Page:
Moreover, restoration of spermatogenesis, e.g. after heat-induced damage, strongly depends on Sertoli cells, BTB formation and other Sertoli cell-derived factors such as glial cell line-derived neurotrophic factor (GDNF) (for review see [39]). In mice overexpressing GDNF, high numbers of undifferentiated, type A-like spermatogonia were populating the testicular cords [40].

A key question of concern is whether CC treatment of the patient over more than 6 months has either induced or promoted excessive increase in numbers of spermatogonia in seminiferous tubules of the left testis. Apart from the enhancement of gonadotrophin levels via blockage of the negative feedback of estrogens at the level of the hypothalamus and the pituitary, and thus, indirect action on testicular function, direct effects of CC on seminiferous tubules should also be considered. As a pre-requisite, expression of estrogen receptor (ER) alpha and beta (ERbeta) was shown in human spermatogonia [17]. ERbeta and G-protein coupled membrane estrogen receptor (GPER) could be detected in testicular somatic cells, namely Sertoli cells [17]. In accordance with these data, positive staining for ERalpha was found in patient’s tubules, including those with excessive proliferation of spermatogonia, whereas GPER-1 was localized in peritubular cells. Wagner et al. [41] reported that proliferation of ERalpha-positive spermatogonia could be partially restored by administration of estradiol in GnRH immune-castrated boars. On the other hand, administration of CC delayed BTB formation in rats and lead to a significantly decreased expression of CX43 in granulosa cells of baboons [42, 43]. In conclusion, both intrinsic estrogen-agonistic and antagonistic properties of CC [44] have to be considered as driving forces underlying the unusual pathology seen in our patient. Considering that heterogeneity of testicular damage, even within individual organs, is common (for review see [5]), the unilateral manifestation of tubules with excessive increase in numbers of spermatogonia is plausible. As a limitation of our study, tissue specimens of preceding TESE attempts, i.e. those before CC treatment, were not available for longitudinal histopathological evaluation.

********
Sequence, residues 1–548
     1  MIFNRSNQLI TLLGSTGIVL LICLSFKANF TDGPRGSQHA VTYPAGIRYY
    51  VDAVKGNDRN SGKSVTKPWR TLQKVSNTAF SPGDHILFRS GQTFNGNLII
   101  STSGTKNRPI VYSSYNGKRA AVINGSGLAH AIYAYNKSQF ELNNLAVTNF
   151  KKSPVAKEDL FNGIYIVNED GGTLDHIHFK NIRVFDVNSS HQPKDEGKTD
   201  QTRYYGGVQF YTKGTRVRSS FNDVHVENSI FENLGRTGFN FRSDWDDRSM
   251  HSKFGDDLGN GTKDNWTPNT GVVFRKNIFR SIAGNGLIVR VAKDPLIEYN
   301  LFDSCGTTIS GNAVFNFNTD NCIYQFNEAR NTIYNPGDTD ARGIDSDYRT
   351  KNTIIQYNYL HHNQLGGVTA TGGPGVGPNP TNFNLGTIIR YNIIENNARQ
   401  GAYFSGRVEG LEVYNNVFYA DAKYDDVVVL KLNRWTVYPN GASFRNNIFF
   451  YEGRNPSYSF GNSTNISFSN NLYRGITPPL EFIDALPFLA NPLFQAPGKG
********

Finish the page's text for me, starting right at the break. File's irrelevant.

Although CC dosages of 25 to 50 mg per day are well tolerated by the majority of patients [45], the risk of adverse effects of should not be neglected. Early observational studies in healthy volunteers and oligozoospermic patients revealed both non-responders and cases with deterioration of semen quality under CC therapy [46]. Notably, Pasqualotto et al. [47] reported three patients with severe oligozoospermia becoming azoospermic after CC treatment.


The striking testicular histopathology with excessive, non-malignant proliferation of spermatogonia seen in our patient draws attention to possible mechanisms how CC could exert negative effects on spermatogonia and/or Sertoli cells, along with BTB integrity and function. Although underlying molecular details remain to be elucidated, we hypothesize that the unusual pathology of seminiferous tubules was triggered by the extensive and high-dose clomiphene citrate treatment preceding testicular biopsy. Whether CC exerts direct effects, or pre-existent tubular damage with concomitant disturbance of BTB facilitates testicular adverse reactions may be a matter of debate. Thus, the case report illustrates the need for randomized clinical trials investigating anti-estrogens and other compounds used off-label for improvement of TESE success.

Availability of data and materials

All data generated or analysed during this study are included in this published article [and its supplementary information files].


A. dest:

Distilled water


Aminoethyl carbazole


Androgen receptor


Bovine serum albumin


Blood-testis barrier


Clomiphene citrate


Cystic fibrosis transmembrane conductance regulator


Cytokeratin 18


Claudin 11


conventional testicular sperm extraction


Connexin 43




Ethylenediaminetetraacetic acid